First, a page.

SXSW Interactive, the annual gathering of technology tastemakers and thought leaders in Austin, Tex., is facing a growing backlash over a decision to cancel two controversial panels on video game culture, with two digital media organizations threatening to pull out of the event.
BuzzFeed and Vox Media, the publisher of the Verge and other popular sites, both said on Tuesday that their employees would not participate in the March conference after the eventâs organizers announced that threats of violence were forcing them to cancel the panels.
In response, SXSW said on Tuesday that it was working with law enforcement officials to assess the threats it received regarding the panels and was evaluating âseveral programming solutions,â which it did not identify.
âWe want the SXSW community to know that we hear and understand your frustrations and concerns about the recent cancellation of two SXSW gaming panels,â Hugh Forrest, the director of SXSW Interactive, wrote in a blog post.
Both of the canceled panels were expected to touch on GamerGate, a loosely connected online movement that coalesced to counteract criticism of sexism in video games and game culture. One discussion was to be dedicated to the issue of harassment in game culture, while members of the other panel were GamerGate supporters.
âBy approving the panels in question, SXSW assumed responsibility for related controversies and security threats,â a statement by Vox Media said. âBy canceling the panels, they have cut off an opportunity to discuss a real and urgent problem in media and technology today.â
The moves by BuzzFeed and Vox echoed a growing outcry on social media over the conferenceâs decision.
The confab has long aspired to be a forum for buzz-worthy discussions about tech, rather than dry corporate speeches, and the two events that it canceled were sure to stir up passions. For the past two years, harassment in game and geek culture has become a high-profile topic, after several female game designers and critics were targeted for criticizing sexism in games.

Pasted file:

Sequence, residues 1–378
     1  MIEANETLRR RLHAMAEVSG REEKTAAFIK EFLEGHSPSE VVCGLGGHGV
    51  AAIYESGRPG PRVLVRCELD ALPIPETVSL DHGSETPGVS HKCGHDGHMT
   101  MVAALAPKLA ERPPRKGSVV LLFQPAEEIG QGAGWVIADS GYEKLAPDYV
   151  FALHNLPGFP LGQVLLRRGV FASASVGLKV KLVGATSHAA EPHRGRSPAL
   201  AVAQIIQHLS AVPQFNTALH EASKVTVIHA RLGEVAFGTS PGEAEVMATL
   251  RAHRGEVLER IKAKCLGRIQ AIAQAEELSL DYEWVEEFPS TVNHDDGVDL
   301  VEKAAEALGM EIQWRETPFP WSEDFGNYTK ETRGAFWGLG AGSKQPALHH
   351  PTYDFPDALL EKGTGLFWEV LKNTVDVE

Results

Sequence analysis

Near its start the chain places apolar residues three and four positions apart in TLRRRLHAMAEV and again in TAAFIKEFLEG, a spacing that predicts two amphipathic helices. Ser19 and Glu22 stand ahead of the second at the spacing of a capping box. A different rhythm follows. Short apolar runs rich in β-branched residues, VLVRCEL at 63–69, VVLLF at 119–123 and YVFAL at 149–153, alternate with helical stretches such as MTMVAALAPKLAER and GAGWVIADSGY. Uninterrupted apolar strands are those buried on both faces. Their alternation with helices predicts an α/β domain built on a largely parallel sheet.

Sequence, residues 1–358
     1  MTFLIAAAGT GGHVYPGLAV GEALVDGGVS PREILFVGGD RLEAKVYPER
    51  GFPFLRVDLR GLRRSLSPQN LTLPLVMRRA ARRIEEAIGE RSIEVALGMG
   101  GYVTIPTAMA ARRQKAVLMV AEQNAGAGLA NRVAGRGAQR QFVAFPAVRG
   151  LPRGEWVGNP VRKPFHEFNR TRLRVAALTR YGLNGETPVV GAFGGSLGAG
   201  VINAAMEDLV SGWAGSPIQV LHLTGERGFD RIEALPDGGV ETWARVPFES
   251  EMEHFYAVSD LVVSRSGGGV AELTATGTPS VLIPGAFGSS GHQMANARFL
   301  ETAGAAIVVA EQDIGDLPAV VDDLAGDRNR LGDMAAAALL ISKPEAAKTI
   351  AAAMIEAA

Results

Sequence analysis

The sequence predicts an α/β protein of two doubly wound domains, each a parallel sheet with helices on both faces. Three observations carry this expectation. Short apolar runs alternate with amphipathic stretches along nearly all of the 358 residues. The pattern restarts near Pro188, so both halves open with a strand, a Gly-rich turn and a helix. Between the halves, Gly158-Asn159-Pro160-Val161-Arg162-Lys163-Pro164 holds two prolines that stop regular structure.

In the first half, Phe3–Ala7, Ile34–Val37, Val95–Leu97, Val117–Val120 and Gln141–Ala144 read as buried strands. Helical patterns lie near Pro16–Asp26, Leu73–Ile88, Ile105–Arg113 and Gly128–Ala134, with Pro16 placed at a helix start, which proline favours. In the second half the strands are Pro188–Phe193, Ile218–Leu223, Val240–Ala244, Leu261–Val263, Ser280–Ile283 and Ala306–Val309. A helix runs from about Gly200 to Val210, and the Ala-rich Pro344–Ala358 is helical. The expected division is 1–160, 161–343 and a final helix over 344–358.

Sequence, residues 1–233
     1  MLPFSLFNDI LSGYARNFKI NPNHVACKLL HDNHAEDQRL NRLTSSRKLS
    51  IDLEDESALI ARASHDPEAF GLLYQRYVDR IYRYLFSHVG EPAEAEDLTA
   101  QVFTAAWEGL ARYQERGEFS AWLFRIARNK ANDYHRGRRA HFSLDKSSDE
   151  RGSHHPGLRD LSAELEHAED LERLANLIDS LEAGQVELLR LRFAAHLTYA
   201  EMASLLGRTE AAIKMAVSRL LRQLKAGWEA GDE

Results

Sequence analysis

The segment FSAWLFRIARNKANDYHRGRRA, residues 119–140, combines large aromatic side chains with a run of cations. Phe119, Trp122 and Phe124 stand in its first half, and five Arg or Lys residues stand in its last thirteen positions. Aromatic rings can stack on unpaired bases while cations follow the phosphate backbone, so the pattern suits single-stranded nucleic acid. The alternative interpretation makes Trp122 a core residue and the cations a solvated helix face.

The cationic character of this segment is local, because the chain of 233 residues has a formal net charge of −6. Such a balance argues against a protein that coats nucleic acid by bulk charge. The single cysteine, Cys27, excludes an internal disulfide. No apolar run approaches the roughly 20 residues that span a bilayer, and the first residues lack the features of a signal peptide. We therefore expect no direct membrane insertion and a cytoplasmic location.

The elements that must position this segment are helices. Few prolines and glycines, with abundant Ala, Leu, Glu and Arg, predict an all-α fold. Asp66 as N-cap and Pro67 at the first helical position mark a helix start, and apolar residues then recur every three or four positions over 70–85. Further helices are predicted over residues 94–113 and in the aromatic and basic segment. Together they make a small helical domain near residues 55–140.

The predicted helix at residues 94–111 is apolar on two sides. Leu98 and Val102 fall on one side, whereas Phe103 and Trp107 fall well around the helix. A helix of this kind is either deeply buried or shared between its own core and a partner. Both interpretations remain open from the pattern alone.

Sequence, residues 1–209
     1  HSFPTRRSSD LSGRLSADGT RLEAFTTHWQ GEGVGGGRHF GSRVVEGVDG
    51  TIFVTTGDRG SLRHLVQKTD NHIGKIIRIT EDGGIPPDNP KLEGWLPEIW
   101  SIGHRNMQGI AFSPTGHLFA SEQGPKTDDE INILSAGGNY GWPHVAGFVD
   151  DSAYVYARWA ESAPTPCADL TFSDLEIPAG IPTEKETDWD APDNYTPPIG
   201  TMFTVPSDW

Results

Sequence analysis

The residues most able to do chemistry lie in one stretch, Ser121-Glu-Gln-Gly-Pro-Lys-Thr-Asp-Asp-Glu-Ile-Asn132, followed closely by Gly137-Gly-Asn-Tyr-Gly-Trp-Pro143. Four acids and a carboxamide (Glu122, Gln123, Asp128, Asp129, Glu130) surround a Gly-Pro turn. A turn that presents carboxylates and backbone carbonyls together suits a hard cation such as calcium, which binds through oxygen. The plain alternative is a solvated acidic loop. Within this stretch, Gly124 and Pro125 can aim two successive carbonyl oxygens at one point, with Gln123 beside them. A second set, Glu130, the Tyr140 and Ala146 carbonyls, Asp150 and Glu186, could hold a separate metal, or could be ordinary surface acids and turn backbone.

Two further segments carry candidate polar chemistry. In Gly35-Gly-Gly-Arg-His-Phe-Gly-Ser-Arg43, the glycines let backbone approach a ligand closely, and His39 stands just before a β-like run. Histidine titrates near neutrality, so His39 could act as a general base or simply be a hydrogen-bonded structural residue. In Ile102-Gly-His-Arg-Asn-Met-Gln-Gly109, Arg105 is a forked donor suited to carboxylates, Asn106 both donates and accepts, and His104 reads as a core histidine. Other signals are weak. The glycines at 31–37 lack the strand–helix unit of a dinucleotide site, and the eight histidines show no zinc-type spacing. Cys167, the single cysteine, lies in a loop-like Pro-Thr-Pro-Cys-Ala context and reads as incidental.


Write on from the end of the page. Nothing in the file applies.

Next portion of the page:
People hostile to their views rallied around the Twitter hashtag #GamerGate, accusing them and journalists who wrote sympathetically about them of being politically correct âsocial justice warriors.â
Some of the people who have been targeted by GamerGate supporters in the past applauded the moves by BuzzFeed and Vox to boycott SXSW. But they said the conference should only reinstate the online-harassment panel, not the other, which they viewed as a forum for GamerGate supporters.
âIt’s great that media companies like Buzzfeed & Vox are taking a stand but SXSW should not give a platform to proponents of hate speech,â Anita Sarkeesian, a feminist game critic, wrote on Twitter.
Both panels ended up on the SXSW schedule through a crowdsourcing process that began with public submissions of panel themes and participants. Internet users could vote for and against those proposals. A conference committee and SXSW Interactive staff members screened all panels before they made it onto the final schedule.
Perry Jones, president of the Open Gaming Society, a group he founded to advocate the concerns of GamerGate supporters, submitted the idea for the panel that Ms. Sarkeesian and others criticized, and he disputed her characterization of it as âfear mongering.â
âSheâs dead wrong,â Mr. Jones said. âYou look at the topics — they werenât hateful.â
The topics of the panel included an assessment of the current social and political landscape of the gaming community and the importance of integrity in video game journalism.
An email from BuzzFeedâs senior leaders to Mr. Forrest of SXSW Interactive on Tuesday said the conference should reinstate both panels in the interest of open dialogue.
âWe will feel compelled to withdraw them if the conference canât find a way to do what those other targets of harassment do every day â to carry on important conversations in the face of harassment,â the Buzzfeed email said. âWe hope you can support the principle of free speech and engage a vital issue facing us and other constituents on the event.â